In September a Humane Society of the United States report commissioned by the county verified many of Duque's claims. Unfortunately for Duque, who hasn't worked as a bricklayer since a car accident left him with severe back injuries in 2000, the added cred doesn't change the fact that his nine dogs fell into the hands of that very same animal shelter. "I was keeping my dogs on a vacant lot in the Redlands, but the lady who let me keep them there was having some problems with me," says Duque. "I was trying to find a new place for the dogs when she called animal services and they came and took them." Duque, who relies on disability payments, got six of the dogs out, paying $290 of the $500 total, and tried to round up some cash for the rest. "We kept arguing, and they were telling me that I shouldn't have all these dogs if I don't have the money for them or a place to keep them," Duque recounts. "But I'm getting a place where I can keep the dogs, and by law, those dogs are mine. " After a couple of days of wrangling, Duque finally got an appointment to pick up his remaining puppies. "When I got there they told me one of the dogs was dead, that they put him down because he was sick," Duque says. "That dog was healthy the day before." Duque's other puppy was adopted out.
Sgt. Tom Mangan of Miami-Dade County Animal Services says he sympathizes with Duque but denies doing anything untoward. "We waived hundreds of dollars in fees for these dogs, most of which didn't have any of the required paperwork or shots. We waited much longer than the allotted ten days for Mr. Duque to pick up his remaining puppies. Instead of showing up with the money he owed, or with a verifiable address, he called everyone he could think of -- Internal Affairs, a county commissioner or two, the newspapers I guess -- and came down here and started a fight with an employee. It's a shame that his puppy got sick, but he knows how this place works."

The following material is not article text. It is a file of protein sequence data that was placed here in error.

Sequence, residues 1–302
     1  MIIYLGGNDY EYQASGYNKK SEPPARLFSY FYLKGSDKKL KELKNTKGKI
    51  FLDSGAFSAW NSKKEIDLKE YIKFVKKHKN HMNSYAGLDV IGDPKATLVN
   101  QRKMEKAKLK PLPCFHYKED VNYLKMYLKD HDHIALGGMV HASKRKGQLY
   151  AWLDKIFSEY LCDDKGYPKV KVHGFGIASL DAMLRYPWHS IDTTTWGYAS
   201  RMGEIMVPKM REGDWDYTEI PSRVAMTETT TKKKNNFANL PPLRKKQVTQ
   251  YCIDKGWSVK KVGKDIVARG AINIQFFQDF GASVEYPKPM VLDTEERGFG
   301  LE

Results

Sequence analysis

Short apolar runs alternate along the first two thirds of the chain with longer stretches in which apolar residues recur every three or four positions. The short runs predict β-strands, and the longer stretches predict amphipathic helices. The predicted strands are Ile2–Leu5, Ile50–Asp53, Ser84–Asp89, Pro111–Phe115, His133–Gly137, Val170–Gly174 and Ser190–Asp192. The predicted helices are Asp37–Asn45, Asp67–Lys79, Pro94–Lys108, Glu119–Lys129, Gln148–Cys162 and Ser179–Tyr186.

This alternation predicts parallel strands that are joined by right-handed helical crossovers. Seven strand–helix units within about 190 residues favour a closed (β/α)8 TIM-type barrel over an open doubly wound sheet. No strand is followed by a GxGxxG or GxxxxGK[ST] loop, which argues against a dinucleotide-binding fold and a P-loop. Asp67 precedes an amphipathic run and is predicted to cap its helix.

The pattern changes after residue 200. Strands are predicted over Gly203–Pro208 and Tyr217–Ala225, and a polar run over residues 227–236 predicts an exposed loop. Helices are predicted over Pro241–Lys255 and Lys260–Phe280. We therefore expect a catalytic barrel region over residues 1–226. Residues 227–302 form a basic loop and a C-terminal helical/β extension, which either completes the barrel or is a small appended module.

Duque, currently staying with a friend, admits he may have a few too many pets, and hopes to find "happy homes" for his animals. Anyone interested in helping him out can call 786-234-7709.
Tobacco: At Least It's Not Crack
Quitting smoking is no picnic. Just ask Keith Jones, a 34-year-old Army sergeant first class from Homestead. He found himself an unwitting participant in the new reality show, Cold Turkey on PAX TV, the upstanding Christian values channel that features such fine programming as Miracle Pets and the Billy Ray Cyrus vehicle, Doc. Jones signed up for a show with a secretive premise that the producers described as "Big Brother meets Survivor meets something."
The show's producers told Jones he would be on a show called Race for a Lifetime that would pit him against the other housemates in NASCAR racing. Jones got all psyched because he loves his NASCAR. Turns out the producers told one poor sap he'd get to be an astronaut, another that he could design his own underwear line, one lady that she would be queen of her own island. They brought this ragtag group together to live a beautiful mansion in Calabasas, California, near Anna Nicole Smith's house. Then the show's host dropped the bombshell that they were there because they were smokers and they had to quit cold turkey in an hour. If they actually did manage to never smoke again, they'd win money.